Poland postpones presidential election
After increasingly harsh criticism of the government's plan to hold an election during the pandemic, also from within the party ranks, Poland will not be electing a new president on May 10. The ruling PiS, whose candidate and incumbent Andrzej Duda is considered the favourite, has announced that the election will be held in June instead. But since the constitutionality of cancelling the election is in question, much remains unclear.
Kaczyński exploiting unclear legal situation
The government is relying entirely on a judiciary that it has brought under its control, writes Neue Zürcher Zeitung:
“Contrary to what would have happened if a state of emergency had been declared, which would have automatically led to the postponement of elections during this period, and which experts and the opposition have been demanding for weeks, the legal situation is now completely unclear. Must Duda resign before the new election date? Can new opposing candidates also qualify? And can anyone be held accountable for an election held only in theory but not in practice? Kaczyński is relying on the fact that the justice system, which has been thoroughly reformed over the past four years, will resolve all these issues in his favour.”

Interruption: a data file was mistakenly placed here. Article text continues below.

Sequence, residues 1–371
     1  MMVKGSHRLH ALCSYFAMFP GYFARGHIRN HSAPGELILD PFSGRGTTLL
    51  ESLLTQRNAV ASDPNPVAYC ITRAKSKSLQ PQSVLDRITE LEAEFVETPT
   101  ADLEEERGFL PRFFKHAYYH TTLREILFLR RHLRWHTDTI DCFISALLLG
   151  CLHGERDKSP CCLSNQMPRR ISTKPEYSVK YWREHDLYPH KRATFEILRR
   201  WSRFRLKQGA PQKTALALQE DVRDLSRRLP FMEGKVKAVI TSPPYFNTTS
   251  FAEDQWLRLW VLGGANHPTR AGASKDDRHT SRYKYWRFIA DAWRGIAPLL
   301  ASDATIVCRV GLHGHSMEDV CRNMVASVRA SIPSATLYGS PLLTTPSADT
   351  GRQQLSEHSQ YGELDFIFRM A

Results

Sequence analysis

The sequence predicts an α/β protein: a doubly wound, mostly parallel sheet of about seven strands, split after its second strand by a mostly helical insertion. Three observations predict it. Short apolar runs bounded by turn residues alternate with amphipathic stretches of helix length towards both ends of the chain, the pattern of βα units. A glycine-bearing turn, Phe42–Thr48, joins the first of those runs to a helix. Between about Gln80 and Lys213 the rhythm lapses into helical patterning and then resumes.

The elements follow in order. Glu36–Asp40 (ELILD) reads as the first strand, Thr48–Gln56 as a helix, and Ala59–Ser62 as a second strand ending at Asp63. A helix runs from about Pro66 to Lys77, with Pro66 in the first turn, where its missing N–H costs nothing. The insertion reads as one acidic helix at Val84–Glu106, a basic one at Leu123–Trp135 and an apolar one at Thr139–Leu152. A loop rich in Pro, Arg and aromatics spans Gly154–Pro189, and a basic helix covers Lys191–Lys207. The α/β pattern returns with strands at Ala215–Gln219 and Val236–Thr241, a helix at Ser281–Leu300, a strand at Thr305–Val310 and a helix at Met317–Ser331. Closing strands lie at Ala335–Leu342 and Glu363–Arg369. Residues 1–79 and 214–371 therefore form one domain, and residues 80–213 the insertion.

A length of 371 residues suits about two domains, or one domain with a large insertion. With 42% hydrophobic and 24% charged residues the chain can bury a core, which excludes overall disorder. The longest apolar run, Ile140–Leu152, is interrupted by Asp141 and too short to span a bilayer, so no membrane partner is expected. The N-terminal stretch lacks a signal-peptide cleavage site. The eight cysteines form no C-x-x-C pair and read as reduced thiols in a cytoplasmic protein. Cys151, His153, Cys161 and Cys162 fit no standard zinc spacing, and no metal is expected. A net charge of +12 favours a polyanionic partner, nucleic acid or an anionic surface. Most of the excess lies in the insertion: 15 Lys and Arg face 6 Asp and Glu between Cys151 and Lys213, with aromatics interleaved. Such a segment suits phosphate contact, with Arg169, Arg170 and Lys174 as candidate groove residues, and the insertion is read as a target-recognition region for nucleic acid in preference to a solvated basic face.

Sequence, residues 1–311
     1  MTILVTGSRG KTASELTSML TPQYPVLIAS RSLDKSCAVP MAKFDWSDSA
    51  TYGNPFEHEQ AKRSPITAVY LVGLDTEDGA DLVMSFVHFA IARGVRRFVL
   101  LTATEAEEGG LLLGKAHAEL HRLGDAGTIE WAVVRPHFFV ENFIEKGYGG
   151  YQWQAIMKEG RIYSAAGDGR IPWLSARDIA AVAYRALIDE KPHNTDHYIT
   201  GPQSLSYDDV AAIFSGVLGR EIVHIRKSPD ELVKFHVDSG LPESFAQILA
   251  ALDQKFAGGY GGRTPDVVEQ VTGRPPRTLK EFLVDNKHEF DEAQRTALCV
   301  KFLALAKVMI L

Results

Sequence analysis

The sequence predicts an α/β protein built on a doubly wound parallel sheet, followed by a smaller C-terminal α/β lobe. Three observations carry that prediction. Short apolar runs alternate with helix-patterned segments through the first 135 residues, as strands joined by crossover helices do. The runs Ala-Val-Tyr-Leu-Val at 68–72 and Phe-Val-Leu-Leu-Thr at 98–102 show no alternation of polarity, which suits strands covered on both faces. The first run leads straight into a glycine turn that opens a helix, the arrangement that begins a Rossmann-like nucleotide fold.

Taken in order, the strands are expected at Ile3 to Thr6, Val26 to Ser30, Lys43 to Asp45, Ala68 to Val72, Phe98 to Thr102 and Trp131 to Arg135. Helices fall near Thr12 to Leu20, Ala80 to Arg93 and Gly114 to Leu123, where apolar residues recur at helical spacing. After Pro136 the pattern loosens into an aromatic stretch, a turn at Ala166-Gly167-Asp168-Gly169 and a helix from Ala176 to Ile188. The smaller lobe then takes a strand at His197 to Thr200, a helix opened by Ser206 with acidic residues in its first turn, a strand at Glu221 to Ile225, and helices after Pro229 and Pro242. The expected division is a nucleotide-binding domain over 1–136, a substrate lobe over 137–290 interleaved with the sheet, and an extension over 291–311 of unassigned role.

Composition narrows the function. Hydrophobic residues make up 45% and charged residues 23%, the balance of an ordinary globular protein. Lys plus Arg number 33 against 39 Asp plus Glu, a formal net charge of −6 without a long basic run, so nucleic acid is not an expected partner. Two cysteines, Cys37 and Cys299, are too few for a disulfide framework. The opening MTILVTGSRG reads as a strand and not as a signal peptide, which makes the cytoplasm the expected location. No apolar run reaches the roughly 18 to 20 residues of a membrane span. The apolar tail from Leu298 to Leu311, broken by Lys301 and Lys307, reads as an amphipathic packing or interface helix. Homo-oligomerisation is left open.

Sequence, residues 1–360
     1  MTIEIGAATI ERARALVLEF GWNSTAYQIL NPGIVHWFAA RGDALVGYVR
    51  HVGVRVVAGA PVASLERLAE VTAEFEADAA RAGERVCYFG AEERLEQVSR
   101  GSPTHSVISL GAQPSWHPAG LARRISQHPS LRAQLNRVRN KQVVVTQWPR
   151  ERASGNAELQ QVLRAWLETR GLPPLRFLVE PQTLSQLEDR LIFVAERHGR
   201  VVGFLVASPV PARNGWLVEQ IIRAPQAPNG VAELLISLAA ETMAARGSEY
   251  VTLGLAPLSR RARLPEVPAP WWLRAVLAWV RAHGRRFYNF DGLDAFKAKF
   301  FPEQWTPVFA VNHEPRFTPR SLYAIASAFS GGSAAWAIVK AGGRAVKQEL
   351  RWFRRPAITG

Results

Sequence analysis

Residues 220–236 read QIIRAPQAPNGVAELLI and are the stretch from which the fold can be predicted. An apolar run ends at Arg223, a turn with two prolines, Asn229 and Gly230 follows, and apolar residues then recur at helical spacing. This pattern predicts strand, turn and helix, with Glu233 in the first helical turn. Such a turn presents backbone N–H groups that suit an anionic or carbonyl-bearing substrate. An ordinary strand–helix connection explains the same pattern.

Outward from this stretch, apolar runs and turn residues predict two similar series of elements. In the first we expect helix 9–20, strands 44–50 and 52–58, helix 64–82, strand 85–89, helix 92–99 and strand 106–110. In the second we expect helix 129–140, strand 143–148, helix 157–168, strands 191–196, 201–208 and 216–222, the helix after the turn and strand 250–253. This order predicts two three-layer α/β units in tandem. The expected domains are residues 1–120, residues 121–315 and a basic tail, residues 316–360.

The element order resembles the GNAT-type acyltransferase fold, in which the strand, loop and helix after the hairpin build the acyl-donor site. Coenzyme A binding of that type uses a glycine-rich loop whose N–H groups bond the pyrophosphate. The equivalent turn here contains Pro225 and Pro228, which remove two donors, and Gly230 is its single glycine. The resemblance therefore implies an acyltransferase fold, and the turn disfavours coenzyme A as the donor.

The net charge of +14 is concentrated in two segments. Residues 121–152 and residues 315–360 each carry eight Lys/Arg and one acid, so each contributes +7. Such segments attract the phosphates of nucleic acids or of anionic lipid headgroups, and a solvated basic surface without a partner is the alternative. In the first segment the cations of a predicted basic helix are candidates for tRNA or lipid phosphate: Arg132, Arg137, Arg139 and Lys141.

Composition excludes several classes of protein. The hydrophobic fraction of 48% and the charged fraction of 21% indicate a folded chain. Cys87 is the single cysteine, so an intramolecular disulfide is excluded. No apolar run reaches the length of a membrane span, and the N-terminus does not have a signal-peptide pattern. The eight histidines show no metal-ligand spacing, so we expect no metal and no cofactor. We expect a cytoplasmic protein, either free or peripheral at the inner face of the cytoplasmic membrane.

Giant hangover in the government camp
Kaczyński's PiS party has made a fool of itself, Gazeta Wyborcza pronounces:
“The mood in PiS circles can be summed up in two words: gigantic hangover. Despite the official display of optimism there is no reason whatsoever for the PiS to be cheerful. After repeating for weeks on end that the elections would be held on May 10 or another day in May, because this was the only solution that complied with the constitution, now it has been forced to admit that this was false. Jarosław Kaczyński had to back down. ... We have a government made of plywood - and that's the nicest possible way to describe it. After all, in the last few weeks the Poles have become the world's laughing stock.”